Gord Bamford takes home Canadian country awards, sets sights on U.S.

EDMONTON — Alberta’s Gord Bamford was crowned king of Canadian country music for a second year in a row Sunday and he says he’s now turning his sights south of the border.

EDMONTON — Alberta’s Gord Bamford was crowned king of Canadian country music for a second year in a row Sunday and he says he’s now turning his sights south of the border.

After the veteran vocalist took home two top awards Sunday at the Canadian Country Music Association Awards show in Edmonton, he announced he has signed a deal with the American arm of Sony Music.

“I got turned down by every record label in Nashville probably two or three times until last week,” the 38-year-old told reporters.

“I’m just hoping I can be one of those guys to bust through so it paves the path for more Canadians because it needs to be done.

“So let’s take some good redneck Canadian country music over across the border and see if we can do good over there now.”

Bamford won Male Artist of the Year and Single of the Year for his slow-moving track “When Your Lips Are So Close.”

The tune hit Number 1 on the country charts in just eight weeks.

Bamford also cleaned up at the CCMA awards last year winning five awards, including best album and single.

While he was born in Australia, Bamford told the Sunday crowd he was glad to be back home in Alberta, especially in the capital city, since he grew up “just down the road” in Lacombe.

Fellow Albertan Brett Kissell was poised to win big, having received the most award nominations with eight. The 24-year-old was shut out in the top categories, but did claim Video of the Year for the edgy “3-2-1.”

Jess Moskaluke, also 24, grabbed her first CCMA trophy for Female Artist of the Year. The pop-country lass from Langenburg, Sask., recently saw her single “Cheap Wine and Cigarettes” go gold.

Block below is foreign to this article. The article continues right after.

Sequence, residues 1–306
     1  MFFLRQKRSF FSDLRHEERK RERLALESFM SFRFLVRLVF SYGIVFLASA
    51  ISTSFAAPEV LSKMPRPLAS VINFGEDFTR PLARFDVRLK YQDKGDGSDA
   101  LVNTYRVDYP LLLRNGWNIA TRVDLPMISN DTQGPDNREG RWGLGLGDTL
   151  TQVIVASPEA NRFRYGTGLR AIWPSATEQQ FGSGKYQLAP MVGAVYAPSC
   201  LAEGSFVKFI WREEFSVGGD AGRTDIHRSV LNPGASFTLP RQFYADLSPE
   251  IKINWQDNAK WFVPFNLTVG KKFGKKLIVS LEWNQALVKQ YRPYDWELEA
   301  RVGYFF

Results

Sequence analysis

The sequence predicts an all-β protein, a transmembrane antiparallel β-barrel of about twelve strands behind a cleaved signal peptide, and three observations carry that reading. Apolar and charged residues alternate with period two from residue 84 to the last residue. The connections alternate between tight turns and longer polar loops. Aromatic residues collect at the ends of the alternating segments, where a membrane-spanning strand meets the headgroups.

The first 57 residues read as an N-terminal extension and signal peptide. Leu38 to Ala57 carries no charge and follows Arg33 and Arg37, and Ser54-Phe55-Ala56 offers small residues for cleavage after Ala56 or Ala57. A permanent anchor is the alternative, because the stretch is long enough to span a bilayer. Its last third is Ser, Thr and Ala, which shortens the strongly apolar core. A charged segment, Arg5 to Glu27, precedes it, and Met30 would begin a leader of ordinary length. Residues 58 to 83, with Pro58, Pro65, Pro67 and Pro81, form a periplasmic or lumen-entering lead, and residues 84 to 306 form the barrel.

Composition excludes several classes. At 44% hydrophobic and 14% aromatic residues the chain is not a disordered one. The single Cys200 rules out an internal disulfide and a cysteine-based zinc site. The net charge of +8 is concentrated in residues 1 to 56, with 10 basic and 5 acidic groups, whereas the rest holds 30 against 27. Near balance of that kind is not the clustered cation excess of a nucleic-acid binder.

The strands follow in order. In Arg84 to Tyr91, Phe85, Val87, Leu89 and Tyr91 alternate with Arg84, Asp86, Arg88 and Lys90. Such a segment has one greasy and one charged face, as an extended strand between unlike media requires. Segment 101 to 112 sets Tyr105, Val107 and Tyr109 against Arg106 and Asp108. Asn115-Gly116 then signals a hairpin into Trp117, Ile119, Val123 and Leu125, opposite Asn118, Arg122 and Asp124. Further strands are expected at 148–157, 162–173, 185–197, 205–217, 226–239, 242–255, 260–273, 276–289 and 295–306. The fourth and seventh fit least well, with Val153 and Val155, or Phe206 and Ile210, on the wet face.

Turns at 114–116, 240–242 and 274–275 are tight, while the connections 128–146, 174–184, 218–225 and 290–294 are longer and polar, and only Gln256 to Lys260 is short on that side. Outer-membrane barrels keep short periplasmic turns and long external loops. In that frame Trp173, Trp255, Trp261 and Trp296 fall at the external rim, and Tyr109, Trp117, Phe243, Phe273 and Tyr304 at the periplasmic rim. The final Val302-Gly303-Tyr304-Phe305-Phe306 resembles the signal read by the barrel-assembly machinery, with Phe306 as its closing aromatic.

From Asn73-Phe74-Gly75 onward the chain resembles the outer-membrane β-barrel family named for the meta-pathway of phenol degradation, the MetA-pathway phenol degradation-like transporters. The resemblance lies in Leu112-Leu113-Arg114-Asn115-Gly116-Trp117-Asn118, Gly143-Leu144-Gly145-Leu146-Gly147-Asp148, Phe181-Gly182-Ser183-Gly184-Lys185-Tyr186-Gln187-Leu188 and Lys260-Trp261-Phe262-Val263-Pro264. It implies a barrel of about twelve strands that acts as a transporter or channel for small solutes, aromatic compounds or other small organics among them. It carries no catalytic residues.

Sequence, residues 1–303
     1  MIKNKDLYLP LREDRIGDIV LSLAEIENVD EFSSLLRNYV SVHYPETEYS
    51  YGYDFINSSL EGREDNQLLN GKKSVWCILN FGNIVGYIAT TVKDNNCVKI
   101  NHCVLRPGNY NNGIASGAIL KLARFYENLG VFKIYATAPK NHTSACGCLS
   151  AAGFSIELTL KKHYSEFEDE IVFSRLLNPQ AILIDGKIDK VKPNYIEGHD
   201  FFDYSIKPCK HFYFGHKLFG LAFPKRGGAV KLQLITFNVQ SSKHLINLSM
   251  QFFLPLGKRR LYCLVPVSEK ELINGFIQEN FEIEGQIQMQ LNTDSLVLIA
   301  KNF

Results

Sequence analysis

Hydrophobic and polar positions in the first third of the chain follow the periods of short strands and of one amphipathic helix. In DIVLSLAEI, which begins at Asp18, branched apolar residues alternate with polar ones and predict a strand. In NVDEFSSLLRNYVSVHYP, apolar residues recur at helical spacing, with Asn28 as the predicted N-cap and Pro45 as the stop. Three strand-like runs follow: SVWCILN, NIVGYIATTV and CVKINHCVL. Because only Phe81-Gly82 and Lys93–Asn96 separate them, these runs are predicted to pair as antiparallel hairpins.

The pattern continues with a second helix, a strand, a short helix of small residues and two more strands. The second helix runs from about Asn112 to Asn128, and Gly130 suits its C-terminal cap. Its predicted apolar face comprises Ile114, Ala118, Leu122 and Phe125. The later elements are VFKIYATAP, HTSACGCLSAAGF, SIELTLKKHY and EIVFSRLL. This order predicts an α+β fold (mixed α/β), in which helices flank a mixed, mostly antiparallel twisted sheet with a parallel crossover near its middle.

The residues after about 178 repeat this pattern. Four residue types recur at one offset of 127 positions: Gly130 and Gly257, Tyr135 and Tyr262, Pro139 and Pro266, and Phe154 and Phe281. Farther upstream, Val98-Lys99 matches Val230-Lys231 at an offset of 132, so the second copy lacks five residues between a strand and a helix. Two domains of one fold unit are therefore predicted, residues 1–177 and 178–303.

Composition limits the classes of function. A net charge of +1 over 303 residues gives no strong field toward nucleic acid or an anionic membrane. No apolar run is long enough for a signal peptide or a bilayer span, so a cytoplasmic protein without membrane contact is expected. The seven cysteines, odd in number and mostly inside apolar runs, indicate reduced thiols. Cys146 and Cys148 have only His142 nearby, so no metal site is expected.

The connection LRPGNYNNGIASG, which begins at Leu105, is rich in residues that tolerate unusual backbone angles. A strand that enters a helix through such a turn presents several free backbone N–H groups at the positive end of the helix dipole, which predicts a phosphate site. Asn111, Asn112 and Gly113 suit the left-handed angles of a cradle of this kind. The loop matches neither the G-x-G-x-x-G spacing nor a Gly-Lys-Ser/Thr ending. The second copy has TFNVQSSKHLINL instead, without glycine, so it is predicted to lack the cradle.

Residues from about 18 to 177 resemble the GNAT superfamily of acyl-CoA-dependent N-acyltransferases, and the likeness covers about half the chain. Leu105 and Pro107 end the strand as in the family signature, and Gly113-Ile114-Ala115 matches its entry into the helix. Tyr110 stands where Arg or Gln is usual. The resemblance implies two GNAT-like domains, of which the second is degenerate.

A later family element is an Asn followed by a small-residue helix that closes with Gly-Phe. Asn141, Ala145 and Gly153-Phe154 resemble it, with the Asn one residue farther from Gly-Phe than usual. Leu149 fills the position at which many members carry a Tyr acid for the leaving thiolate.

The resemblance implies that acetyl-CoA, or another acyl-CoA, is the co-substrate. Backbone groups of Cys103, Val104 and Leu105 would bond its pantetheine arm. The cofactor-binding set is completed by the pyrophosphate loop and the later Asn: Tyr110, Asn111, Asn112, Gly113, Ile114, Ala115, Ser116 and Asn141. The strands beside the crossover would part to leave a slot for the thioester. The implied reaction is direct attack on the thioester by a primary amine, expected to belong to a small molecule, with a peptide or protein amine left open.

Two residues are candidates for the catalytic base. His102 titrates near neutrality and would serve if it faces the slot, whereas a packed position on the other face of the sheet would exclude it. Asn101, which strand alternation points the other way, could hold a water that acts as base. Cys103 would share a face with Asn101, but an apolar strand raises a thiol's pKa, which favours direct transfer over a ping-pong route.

“I’m loving every minute of this crazy ride,” said Moskaluke. She later joked about duct-taping the glass trophy to her body so she can carry it around with her wherever she goes.

She credited her win to country music spreading its wings and allowing new and different types of sounds into the genre.

“It’s such a great time for country music right now … I am here because I do such rock-pop-country music. And, had it not been for that spreading out and some of the bro-country that’s really been happening, I wouldn’t have had the gap that I had to let myself break through a little bit.”

Nova Scotia-based Dean Brody was given Album of the Year for Crop Circles, the same album that snagged a Juno back in March for country album of the year. He accepted the CCMA wearing his father’s dusty cowboy hat.

Brody said being back in Edmonton, where he once attended college and worked part-time at an area Walmart, reminded him of how differently his life could have turned out if he had never taken a chance and sent some of his first songs off to record labels.

Country stalwart Johnny Reid claimed the Fans’ Choice award for the fifth time in the last six years.

Sibling-duo Small Town Pistols, Amanda and Tyler Wilkinson, who sang when they were younger with their father in The Wilkinsons, were honoured with Group of the Year. Amanda Wilkinson, seven-months pregnant, joked on stage about being so excited she might go into labour.

“I think my kid’s gonna pop out,” she laughed.

The Rising Star award went to Tim Hicks, a 35-year-old country rocker from St. Catharines, Ont., who sported a ball cap instead of a Stetson.

He has amassed four Top 10 singles and even racked up two Juno nominations earlier this year, but Hicks said his success has been a long time coming.

He remembered one awful job he took before he made it big, singing on a moving double-decker bus. He turned green and his audience told him it was OK for him to sit down and stop playing.

“It took me 20 years to be a rising star but I don’t regret any of those gigs,” he said.

“I can’t wait to go back home and share this with my friends and family and just continue this wild ride.”